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Nvidia Corp. on Tuesday introduced its future-generation Volta graphics architecture that is due in 2016 – 2017 timeframe. Among other advantages and innovations that Volta will have, it will support a technology capable of solving the main GPU problem ever: insufficient memory bandwidth. With Volta, Nvidia plans to install ultra high-speed stacked memory chips right onto the substrate with graphics processor.

While today’s graphics processing units are extremely powerful, their performance is limited by memory bandwidth in a number of cases. For example, today’s highest-performing single-GPU graphics card – Nvidia GeForce GTX Titan – has peak memory bandwidth of 288GB/s. Given the progress expected from GDDR5 memory technology, it is unlikely that it will double its performance by 2014, when Nvidia’s next-generation Maxwell architecture arrives, or quadruple in three to four years when Nvidia Volta comes out. However, Nvidia seems to have a solution.

In addition to all the innovations, Volta will support stacked DRAMs (interconnected using through-silicon vias) installed onto the substrate of the graphics processor with around 1TB/s of bandwidth. Since the stacked DRAMs will be located very close to the GPU, it will be possible to access memory at extreme speed, thus providing nearly four times memory bandwidth of the GeForce GTX Titan.

Unfortunately, Nvidia did not reveal too much information about the new Volta graphics processing architecture. It is unknown whether it will only rely on stacked DRAMs or will feature multi-tier memory architecture, which will include both stacked DRAMs for performance and traditional GDDR5 memory chips for capacity.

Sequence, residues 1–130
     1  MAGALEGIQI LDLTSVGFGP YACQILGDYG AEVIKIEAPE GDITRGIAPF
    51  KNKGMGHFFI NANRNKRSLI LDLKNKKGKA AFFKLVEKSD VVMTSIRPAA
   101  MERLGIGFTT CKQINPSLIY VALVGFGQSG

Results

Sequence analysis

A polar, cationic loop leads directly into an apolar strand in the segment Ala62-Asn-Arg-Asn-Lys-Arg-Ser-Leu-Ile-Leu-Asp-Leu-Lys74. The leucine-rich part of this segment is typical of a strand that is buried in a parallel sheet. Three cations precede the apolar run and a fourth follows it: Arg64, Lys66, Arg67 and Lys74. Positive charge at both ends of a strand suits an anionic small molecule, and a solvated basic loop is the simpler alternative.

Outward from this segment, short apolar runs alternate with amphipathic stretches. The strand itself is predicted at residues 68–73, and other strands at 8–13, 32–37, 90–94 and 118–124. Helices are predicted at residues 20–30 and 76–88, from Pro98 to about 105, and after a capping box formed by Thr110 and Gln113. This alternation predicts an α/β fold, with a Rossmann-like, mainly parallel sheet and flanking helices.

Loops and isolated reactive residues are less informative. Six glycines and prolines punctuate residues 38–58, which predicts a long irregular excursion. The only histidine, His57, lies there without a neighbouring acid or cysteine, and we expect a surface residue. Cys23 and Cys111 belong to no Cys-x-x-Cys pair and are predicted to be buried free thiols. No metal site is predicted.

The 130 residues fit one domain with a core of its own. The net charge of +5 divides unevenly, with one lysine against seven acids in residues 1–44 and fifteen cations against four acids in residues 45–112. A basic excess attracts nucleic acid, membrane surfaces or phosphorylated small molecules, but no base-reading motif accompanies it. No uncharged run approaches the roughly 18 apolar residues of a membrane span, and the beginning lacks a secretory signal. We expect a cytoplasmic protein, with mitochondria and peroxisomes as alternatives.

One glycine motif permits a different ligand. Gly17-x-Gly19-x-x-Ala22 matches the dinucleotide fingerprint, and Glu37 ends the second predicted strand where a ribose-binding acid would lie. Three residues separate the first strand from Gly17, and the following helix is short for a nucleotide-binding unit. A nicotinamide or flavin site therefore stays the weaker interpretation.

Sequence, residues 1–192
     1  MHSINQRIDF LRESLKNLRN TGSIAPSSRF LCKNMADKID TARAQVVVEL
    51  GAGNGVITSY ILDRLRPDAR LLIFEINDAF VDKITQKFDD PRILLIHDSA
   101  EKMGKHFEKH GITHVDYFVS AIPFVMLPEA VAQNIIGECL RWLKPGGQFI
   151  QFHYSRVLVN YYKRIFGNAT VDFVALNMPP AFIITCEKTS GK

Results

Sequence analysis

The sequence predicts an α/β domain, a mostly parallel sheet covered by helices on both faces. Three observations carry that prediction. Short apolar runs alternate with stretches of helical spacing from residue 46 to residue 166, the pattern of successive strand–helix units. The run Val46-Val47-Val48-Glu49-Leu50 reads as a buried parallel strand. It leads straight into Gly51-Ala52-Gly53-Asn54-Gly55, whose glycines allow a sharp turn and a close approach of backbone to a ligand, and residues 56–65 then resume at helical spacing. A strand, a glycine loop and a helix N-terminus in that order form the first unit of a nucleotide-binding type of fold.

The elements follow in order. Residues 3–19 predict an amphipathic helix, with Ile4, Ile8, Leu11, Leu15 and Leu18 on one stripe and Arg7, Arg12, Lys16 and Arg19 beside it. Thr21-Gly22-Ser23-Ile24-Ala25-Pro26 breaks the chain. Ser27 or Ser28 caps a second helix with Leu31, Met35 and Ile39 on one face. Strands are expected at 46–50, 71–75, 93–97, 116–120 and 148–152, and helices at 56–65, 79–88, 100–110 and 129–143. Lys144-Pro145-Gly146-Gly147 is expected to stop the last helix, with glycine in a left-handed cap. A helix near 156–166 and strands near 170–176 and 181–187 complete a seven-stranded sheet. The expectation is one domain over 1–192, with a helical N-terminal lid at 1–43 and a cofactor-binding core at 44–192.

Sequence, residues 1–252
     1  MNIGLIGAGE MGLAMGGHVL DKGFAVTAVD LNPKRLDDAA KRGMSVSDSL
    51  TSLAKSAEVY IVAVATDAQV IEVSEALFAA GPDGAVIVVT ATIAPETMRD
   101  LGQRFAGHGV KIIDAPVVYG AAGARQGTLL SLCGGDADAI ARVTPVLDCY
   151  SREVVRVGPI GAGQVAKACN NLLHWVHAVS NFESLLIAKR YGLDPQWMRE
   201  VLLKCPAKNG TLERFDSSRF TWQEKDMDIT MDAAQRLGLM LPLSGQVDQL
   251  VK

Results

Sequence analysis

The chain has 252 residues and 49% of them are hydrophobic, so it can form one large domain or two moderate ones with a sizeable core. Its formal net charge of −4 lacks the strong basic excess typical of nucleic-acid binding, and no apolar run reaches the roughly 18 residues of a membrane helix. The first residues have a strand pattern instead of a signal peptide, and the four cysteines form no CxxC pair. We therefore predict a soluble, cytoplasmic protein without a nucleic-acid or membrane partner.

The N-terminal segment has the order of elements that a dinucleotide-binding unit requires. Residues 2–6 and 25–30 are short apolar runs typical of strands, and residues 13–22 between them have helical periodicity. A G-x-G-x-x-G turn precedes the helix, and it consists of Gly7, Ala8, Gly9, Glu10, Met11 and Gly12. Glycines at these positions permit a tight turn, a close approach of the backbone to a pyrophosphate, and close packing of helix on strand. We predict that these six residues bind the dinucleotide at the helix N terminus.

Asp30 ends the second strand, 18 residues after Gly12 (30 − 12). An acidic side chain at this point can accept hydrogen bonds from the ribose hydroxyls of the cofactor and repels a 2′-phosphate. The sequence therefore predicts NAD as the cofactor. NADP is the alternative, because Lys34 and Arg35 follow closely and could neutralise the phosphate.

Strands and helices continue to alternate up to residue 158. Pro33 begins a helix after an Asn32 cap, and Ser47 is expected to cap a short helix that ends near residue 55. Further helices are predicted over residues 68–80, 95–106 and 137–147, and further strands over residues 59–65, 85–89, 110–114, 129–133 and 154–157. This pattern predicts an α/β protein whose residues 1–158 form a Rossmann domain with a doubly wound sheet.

Tags: Nvidia, Volta, Maxwell, Geforce, Quadro, Tesla, Kepler


Comments currently: 18
Discussion started: 03/20/13 03:44:51 AM
Latest comment: 12/13/15 09:12:54 PM
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wouldn't there be GDDR6 available because if you look at the graph it would be 2015-2016 and GDDR 6 will probably support stacked dies.
1 0 [Posted by: massau  | Date: 03/20/13 03:44:51 AM]
- collapse thread

Its not the memory spec that matters, its the substrate, the VIAs must go through silicon so the cost of layering is going to go up. GDDR5 works just fine with TSVs
1 0 [Posted by: vanakkuty  | Date: 03/20/13 06:17:36 AM]

This seems like an interesting solution. Very good especially for very high resolutions. I wonder what AMD will come up to with.
1 1 [Posted by: TAViX  | Date: 03/20/13 04:36:29 AM]
- collapse thread

Its nothing new. AMD already have been working on TSVs for sometime now but cost of production is too high so its not going to see the market until its cost effective. Nvidia's claims must be taken with a grain of salt, they are on the same boat as they are fabless too and depend on the same foundries as AMD.

1 0 [Posted by: vanakkuty  | Date: 03/20/13 06:15:27 AM]
maybe by 2015/16 it will cheap enough for production and will likely be used by both amd and nvidia high end card
0 0 [Posted by: Amir Anuar  | Date: 03/20/13 01:22:41 PM]

It will be confusing when Intel has Haswell/Broadwell and NVidia has Maxwell.
0 0 [Posted by: LochDhu10yr  | Date: 03/20/13 07:33:13 AM]


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